Starting your own practice is very rewarding but also extremely time consuming. There are no days off like when I was an independent contractor for another practice. Now with a 10 month old child some days running the business, attending to patients and my child seems really... well, overwhelming. It's not an undertaking to be taken lightly - it's wonderful in many ways - but oh so hard in others. Just my two cents. Feel free to contact me through my website if you'd like to talk about challenges and rewards.

Alyson BayerAlyson Bayer, Class of 2009

Where do your practice?
Conroe, Texas | clearchoiceacupuncture.com

What type of practice are you in?
Private, Collaborative

What were your biggest challenges in starting practice?
Getting over the fear of starting my own business.      

What has been the most rewarding part of starting practice?
The most rewarding part of having my own practice is the confidence it has given me.  I also enjoy setting my own schedule to give myself plenty of time with my family and to relax and enjoy life.         

What else would you like to share with prospective and current students?
Networking is one of the best ways I have found to grow my business. This field is very much up and coming.  More and more people are seeking alternatives to allopathic, overly busy doctors with little time for them. One thing I do in my practice is to make sure to give every single one of my patients enough of my time to listen to them every time they come into see me.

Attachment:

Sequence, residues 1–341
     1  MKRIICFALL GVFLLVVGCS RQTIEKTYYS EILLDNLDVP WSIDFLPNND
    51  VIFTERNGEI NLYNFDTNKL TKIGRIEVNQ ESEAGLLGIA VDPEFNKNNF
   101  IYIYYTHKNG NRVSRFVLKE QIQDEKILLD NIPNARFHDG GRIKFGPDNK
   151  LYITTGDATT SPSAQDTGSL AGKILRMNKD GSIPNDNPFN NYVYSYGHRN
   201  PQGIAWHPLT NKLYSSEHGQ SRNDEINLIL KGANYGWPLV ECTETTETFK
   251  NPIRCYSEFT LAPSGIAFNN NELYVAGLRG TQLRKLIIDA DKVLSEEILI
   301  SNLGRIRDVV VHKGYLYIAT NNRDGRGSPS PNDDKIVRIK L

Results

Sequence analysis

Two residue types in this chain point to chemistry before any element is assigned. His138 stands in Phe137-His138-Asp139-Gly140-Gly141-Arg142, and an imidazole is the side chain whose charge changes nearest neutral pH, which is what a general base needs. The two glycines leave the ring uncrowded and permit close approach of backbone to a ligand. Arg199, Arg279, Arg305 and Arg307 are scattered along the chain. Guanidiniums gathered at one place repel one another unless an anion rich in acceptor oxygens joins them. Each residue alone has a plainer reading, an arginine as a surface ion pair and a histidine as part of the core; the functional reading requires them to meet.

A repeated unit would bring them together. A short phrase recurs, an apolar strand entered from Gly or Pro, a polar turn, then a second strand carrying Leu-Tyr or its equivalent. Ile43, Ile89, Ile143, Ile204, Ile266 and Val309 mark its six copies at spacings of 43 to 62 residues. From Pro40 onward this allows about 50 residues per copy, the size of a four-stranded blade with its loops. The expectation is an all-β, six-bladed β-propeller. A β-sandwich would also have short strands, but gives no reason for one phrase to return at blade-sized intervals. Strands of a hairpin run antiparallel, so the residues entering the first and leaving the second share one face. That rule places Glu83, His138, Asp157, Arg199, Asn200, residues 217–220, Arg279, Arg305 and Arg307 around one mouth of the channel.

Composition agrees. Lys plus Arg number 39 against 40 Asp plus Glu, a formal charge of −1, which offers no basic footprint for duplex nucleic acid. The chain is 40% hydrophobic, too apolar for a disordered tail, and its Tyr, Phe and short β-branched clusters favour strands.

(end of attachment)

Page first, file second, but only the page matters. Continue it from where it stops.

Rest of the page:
Cynthia ClarkCynthia Clark, Class of 2011

Where do your practice?
Sarasota, Florida | longevitywellnessclinic.com 

What type of practice are you in?
Private

What were your biggest challenges in starting practice?
Figuring out my identity as a practitioner           

What else would you like to share with prospective and current students?
It's who you are as a person that has the greatest effect on your patients.                          

Acupuncture Career Guide

Gregory CareyGregory Carey, Class of 2011

Where do your practice?
Old Bridge, New Jersey | oldbridgeacupuncture.com

What type of practice are you in?
Private, Collaborative

What were your biggest challenges in starting practice?
Generating Patient Visits  

What has been the most rewarding part of starting practice?
The opportunity to engage in a profession that I deeply care about is the most rewarding aspect of running my own acupuncture clinic.

What else would you like to share with prospective and current students?
Follow your passion and you can create success in what you do.

Josh SaulJoshua Saul, Class of 2012

Where do your practice?
Atlanta, Georgia | SunWellATL.com

What type of practice are you in?
Private, Collaborative

What were your biggest challenges in starting practice?
I think this question should be " What ARE your biggest challenges and starting practice?"   While I am seeing a study number of patients I am still not where I'd like to be. I think some of the biggest challenges to starting a practice is getting a system in place so that each new patient who walks in the door has a consistent, rewarding experience.